For most of us, cracking an egg is one of the first jobs we were given in the kitchen as a kid, scrambling eggs are one of our first recipes that we’re trusted to make and not burn down the house. As someone who spends most of their day cooking in kitchens, eggs are one of the meals I know I can throw together whether I’m half asleep or two glasses of wine into my evening.
Eggs are truly a perfect food: full of protein, vitamins, and fats that help you absorb all of the nutrition the egg has to offer. Flavorful enough to be eaten simply with salt and pepper, or versatile enough to stand up to and compliment strong flavors, like a silky egg in your ramen. Eggs have the ability to turn just about anything into a full meal.
Without even getting into the incredible versatility of eggs- like whipping egg whites, using egg yolks to richen or emulsify a sauce or dressing - there are so many ways to prepare an egg. It basically all comes down to time and temperature and the type of heat you apply.
To perfectly soft or hard boil an egg, all you have to do is bring water up to a boil, add in your eggs from anywhere from 6 to 12 minutes, depending on how runny you like your yolk to be. After your time is up, let cold water run over your eggs to stop the cooking process; then enjoy on toast or as an addition of protein to your favorite salad.
One of my favorite “I don’t feel like cooking” meals is hash and eggs. Roast your favorite veggies (my favorite combo is red potatoes and Brussels sprouts) with tons of your favorite herbs and spices and top with a sunny side up egg. This is a great way to extend left overs and to make use of extra food in your refrigerator.
To cook a perfect sunny side up egg, melt a little butter in your best non-stick pan over a nice and low heat. You may notice that there is a thicker part of the egg white that surrounds the yolk, this is called the albumen, if you “pop” the albumen with either your fingers, a fork or your spatula, the white of the egg will cook much more evenly.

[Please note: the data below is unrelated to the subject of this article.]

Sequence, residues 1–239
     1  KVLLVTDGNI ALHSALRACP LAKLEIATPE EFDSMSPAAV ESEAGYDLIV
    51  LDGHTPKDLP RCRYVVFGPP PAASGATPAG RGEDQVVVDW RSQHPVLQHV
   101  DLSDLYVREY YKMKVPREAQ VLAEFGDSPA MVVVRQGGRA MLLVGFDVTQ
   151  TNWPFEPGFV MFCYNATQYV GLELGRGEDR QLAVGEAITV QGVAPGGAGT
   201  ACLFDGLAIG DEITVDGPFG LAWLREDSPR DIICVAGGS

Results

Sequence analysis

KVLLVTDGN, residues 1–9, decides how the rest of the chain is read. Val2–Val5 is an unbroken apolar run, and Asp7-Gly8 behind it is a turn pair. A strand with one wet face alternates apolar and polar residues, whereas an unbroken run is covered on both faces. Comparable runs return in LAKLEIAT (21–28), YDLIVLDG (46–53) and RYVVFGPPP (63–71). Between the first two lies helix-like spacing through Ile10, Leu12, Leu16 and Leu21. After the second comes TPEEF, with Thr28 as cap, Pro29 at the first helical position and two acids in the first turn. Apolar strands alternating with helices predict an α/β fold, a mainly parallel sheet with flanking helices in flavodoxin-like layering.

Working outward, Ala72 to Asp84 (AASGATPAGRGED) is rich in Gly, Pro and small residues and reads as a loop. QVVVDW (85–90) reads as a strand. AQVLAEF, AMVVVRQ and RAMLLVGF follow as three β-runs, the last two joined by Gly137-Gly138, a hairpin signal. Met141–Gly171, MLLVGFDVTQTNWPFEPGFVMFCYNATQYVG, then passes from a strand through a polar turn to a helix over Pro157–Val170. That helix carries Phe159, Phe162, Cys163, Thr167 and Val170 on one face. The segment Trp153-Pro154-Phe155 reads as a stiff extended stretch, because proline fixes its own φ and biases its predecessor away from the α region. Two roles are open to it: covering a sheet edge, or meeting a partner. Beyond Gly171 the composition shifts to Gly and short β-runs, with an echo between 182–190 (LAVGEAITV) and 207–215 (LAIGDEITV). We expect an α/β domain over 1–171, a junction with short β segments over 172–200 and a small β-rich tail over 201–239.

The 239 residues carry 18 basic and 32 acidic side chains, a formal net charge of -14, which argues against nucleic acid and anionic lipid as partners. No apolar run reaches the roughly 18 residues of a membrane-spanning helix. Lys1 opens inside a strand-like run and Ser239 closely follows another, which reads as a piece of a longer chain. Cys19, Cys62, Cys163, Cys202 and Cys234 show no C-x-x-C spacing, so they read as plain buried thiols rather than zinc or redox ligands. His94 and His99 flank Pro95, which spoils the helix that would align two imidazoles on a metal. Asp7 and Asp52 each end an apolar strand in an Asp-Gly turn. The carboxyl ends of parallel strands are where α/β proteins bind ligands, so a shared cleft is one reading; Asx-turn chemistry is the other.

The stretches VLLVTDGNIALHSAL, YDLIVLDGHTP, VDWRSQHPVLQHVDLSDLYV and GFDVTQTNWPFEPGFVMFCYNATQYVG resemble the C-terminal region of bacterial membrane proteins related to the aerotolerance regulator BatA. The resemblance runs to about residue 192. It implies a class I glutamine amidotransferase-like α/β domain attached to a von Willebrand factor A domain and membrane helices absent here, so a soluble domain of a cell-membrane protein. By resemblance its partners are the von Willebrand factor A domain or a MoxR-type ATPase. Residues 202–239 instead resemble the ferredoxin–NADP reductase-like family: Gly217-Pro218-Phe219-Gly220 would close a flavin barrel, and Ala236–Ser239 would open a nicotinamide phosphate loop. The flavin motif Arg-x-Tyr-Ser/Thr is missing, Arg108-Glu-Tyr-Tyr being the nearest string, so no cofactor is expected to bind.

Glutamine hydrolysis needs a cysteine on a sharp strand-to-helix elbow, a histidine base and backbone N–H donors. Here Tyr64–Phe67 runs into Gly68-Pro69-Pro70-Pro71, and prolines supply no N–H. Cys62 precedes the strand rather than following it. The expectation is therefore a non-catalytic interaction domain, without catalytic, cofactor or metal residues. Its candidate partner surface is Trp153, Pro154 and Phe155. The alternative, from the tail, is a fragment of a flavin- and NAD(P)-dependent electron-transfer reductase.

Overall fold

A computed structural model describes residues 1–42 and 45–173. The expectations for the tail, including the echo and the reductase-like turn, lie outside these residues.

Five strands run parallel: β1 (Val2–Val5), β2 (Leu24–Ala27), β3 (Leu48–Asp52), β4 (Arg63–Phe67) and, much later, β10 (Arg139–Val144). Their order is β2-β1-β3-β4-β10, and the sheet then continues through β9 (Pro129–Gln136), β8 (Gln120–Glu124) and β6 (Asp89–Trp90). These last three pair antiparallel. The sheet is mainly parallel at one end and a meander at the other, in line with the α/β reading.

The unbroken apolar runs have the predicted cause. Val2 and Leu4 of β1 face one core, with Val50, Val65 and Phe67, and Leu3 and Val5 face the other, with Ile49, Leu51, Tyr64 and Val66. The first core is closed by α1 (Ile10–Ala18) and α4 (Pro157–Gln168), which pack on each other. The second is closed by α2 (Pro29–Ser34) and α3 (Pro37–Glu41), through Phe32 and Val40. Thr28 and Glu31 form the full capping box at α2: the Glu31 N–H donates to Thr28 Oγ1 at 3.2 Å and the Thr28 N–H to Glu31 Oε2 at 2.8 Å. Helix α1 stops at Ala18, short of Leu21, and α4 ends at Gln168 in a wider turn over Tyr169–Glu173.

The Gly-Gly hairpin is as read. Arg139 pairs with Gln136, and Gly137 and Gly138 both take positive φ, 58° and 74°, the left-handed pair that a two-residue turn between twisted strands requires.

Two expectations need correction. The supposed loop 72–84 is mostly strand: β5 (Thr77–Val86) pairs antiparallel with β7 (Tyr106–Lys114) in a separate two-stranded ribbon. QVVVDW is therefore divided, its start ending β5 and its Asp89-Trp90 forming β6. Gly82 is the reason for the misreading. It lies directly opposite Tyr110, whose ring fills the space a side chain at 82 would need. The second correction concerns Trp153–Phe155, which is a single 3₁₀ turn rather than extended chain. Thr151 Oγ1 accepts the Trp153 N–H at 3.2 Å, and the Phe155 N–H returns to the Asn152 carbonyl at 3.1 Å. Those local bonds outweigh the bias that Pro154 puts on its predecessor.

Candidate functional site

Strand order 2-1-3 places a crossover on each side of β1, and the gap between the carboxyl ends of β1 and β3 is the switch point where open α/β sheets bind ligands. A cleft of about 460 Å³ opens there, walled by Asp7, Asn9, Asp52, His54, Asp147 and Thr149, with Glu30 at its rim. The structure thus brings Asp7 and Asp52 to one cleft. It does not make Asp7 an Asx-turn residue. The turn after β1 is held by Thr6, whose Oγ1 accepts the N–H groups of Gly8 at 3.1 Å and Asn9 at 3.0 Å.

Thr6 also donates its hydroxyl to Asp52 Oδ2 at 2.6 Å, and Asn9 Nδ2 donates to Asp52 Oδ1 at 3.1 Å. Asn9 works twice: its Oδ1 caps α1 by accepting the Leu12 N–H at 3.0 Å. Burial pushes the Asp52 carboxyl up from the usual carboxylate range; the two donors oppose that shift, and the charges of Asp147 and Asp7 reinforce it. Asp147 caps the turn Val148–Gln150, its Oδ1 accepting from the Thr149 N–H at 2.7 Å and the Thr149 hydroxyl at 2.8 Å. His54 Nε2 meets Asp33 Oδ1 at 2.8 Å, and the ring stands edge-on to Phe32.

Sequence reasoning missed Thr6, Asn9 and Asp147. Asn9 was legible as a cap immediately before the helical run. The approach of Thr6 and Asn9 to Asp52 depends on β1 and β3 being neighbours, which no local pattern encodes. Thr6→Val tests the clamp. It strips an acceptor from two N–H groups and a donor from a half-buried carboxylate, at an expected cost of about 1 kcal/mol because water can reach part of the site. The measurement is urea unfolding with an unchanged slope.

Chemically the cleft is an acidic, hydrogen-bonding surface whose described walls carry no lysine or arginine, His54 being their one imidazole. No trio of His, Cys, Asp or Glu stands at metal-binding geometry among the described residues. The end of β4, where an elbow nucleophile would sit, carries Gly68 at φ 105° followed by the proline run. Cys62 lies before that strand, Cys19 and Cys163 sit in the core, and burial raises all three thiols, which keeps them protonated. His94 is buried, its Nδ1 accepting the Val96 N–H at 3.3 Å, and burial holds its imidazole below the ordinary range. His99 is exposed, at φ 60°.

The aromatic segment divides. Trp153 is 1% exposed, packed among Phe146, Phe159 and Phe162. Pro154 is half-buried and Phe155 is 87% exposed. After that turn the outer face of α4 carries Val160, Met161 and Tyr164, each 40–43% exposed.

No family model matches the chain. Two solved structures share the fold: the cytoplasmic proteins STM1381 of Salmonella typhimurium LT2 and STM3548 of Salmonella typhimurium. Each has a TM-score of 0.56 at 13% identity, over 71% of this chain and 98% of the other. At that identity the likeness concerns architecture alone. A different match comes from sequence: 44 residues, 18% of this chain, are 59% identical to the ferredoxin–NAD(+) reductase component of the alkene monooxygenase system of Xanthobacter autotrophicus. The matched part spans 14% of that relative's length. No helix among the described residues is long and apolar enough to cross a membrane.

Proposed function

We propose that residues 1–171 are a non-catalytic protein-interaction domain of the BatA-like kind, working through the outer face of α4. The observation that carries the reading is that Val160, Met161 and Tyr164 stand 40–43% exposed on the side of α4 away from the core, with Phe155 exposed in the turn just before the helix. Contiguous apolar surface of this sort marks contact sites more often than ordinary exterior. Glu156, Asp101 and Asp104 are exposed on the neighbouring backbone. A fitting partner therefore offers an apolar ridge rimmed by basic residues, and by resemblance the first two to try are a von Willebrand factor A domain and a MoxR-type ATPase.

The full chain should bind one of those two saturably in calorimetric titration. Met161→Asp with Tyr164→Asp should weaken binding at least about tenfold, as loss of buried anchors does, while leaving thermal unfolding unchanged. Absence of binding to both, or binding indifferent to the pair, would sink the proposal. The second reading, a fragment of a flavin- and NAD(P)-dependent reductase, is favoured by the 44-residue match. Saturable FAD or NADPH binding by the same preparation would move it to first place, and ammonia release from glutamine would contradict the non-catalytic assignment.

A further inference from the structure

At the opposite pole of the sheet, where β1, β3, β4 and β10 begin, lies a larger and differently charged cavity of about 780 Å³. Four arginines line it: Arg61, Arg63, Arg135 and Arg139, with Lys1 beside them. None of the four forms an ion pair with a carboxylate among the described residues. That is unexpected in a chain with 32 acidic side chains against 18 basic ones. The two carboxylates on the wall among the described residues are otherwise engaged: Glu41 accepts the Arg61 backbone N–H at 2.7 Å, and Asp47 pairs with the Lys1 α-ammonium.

If you’re feeling like you want something a little creamier and decadent, double-boiled soft scrambled eggs are a wonderful little trick to have up your sleeves. I learned this from one of my favorite culinary instructors at Kendall. It requires a little patience as it definitely takes a little bit more time than your typical scramble. Set up a small sauce pan with an inch or two of water and set a glass or metal bowl on top of that sauce pan, as though you were melting chocolate. Thoroughly butter your bowl before adding in your beaten eggs. Gently stir your eggs, scraping the bottom to ensure nothing sticks. By the time all your eggs coagulate, you should have a creamy and perfectly cooked scramble.
If you have 45 minutes and would like to learn even more about eggs, consider The Chopping Block's Eggs 101 demonstration cooking class in our newly renovated retail store at the Merchandise Mart in April. With these simple cooking techniques and a little finesse, you can turn one of the first recipes you ever mastered into a beautiful, easy and satisfying meal.